In a statement released today, the Vatican’s Congregation for Eastern Churches mourned the death of a Syrian monk killed in the raid of a mostly Christian village by rebel forces. The prefect of the congregation, Cardinal Leonardo Sandri, extended condolences “to the Syro-Catholic Church, with the Patriarch SB Ignace Youssef III Younan, the Custody of the Holy Land and all the faithful of the beloved nation.”
Calling the June 23 killing of Father Franҫois Mourad an “episode of unjustified violence,” Cardinal Sandri said he hoped the incident would “arouse the conscience of the leaders of the conflicting parties and the international community, so that, as repeatedly stated by the Holy Father, Pope Francis, the guns of war be silenced and a season of justice and reconciliation begun for a future of peace.”
Asia News has more details on the killing of Father Mourad, most of which come from Father Pierbattista Pizzaballa, head of the Franciscans in the Middle East (also known as the “Custos of the Holy Land”):
Until yesterday, there were two versions of the murder, the first spoke about a stray bullet, the second of an actual attack carried out by Islamist insurgents against the Monastery of St Anthony in al-Ghassaniyah.
“The second is the most reliable version,” Fr Pizzaballa said. “From the photos and the testimony of our religious, the rebels attacked the village in past few weeks, forcing most residents to flee.”
The Monastery of St Anthony was the only safe haven, where Fr Franҫois lived along with some Franciscan friars, four nuns and ten lay Christians. But on Sunday, rebels part of a fringe extremist Islamic group, stormed that place too.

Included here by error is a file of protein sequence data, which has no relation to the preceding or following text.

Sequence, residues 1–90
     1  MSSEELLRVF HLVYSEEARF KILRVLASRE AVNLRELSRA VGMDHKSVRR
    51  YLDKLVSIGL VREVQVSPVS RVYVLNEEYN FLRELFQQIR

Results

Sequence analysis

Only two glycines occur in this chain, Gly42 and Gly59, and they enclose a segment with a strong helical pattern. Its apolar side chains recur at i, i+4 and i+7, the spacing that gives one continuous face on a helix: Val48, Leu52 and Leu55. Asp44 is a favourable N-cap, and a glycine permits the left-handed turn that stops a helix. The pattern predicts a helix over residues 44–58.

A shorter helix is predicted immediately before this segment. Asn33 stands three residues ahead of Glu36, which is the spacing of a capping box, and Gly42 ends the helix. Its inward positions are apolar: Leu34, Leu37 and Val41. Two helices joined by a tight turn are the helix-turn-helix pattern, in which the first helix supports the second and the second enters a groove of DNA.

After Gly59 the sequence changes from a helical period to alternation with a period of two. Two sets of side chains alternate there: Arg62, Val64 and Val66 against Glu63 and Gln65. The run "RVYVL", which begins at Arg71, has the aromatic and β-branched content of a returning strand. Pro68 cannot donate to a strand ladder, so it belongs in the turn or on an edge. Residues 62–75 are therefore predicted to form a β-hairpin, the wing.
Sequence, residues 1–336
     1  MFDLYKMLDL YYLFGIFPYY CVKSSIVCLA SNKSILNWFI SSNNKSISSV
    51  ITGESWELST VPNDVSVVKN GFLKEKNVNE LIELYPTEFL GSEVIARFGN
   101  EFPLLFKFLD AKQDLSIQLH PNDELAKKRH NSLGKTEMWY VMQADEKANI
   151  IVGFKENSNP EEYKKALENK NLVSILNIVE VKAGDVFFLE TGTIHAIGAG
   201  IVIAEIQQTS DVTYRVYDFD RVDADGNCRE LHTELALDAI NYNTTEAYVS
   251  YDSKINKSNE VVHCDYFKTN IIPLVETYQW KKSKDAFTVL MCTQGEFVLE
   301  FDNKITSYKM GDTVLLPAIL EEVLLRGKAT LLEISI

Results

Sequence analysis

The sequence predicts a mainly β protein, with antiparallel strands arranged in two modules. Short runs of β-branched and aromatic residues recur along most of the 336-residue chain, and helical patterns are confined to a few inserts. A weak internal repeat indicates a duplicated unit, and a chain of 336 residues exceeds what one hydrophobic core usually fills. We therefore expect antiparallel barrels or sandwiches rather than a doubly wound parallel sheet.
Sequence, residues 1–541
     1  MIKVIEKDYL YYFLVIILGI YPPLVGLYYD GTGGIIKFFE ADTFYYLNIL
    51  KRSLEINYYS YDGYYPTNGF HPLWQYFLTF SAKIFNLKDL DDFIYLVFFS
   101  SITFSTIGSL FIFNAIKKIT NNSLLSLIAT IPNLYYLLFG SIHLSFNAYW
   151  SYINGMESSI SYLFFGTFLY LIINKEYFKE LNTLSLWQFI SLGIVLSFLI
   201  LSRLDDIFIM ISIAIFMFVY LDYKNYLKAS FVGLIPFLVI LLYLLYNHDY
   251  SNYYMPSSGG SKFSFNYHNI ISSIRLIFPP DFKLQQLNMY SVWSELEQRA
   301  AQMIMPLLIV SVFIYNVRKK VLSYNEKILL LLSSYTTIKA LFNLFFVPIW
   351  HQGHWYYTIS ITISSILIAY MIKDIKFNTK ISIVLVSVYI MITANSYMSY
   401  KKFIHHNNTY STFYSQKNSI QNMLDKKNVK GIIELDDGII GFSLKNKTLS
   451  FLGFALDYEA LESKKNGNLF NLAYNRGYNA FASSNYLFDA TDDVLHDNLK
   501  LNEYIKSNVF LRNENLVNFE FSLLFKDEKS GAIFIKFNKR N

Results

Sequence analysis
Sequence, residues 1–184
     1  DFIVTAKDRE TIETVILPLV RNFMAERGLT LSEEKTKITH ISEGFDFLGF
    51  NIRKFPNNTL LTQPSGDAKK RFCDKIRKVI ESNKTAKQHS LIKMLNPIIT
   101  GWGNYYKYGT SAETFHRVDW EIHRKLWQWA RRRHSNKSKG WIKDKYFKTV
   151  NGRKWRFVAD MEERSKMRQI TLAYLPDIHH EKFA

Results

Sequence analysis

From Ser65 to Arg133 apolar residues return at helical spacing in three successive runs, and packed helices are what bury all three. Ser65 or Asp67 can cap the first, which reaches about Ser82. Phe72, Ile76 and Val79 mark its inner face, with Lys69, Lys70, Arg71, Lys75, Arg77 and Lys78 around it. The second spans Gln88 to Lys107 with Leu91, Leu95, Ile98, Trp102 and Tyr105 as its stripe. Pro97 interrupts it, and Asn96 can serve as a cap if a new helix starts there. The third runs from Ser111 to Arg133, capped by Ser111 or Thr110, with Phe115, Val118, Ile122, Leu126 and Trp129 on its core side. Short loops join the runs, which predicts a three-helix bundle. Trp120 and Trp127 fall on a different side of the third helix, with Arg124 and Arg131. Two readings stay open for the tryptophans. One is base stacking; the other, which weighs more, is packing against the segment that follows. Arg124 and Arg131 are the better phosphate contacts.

According to the Custos of the Holy Land, Islamists broke into the convent, looted it and destroyed everything. When Fr Franҫois tried to defend the nuns and other people, the gunmen shot him dead.
Father Mourad was 49 years old.
Feeling called to a more contemplative life at the end of the 90s, he left the Franciscans to complete his studies with the Trappists of Latrun (Palestine).
Once back in Syria, he was ordained priest by the Syriac Catholic bishop of Al-Hasakah on the Syrian side of the Al-Jazira region.
In recent years, he launched a new monastic foundation, inspired by Saint Simon and founded a small monastery of contemplative life in Hwar, Aleppo province, devoting himself to the training of some young postulants, all Syrians.
He was in Hwar until this year when fighting between Islamic rebels and regime forced him to take refuge in al-Ghassaniyah, on the Orontes River, guest of the local Franciscan monastery.
Until his death, he worked together with the friars to bring relief to the Christian and Muslim residents of the area.
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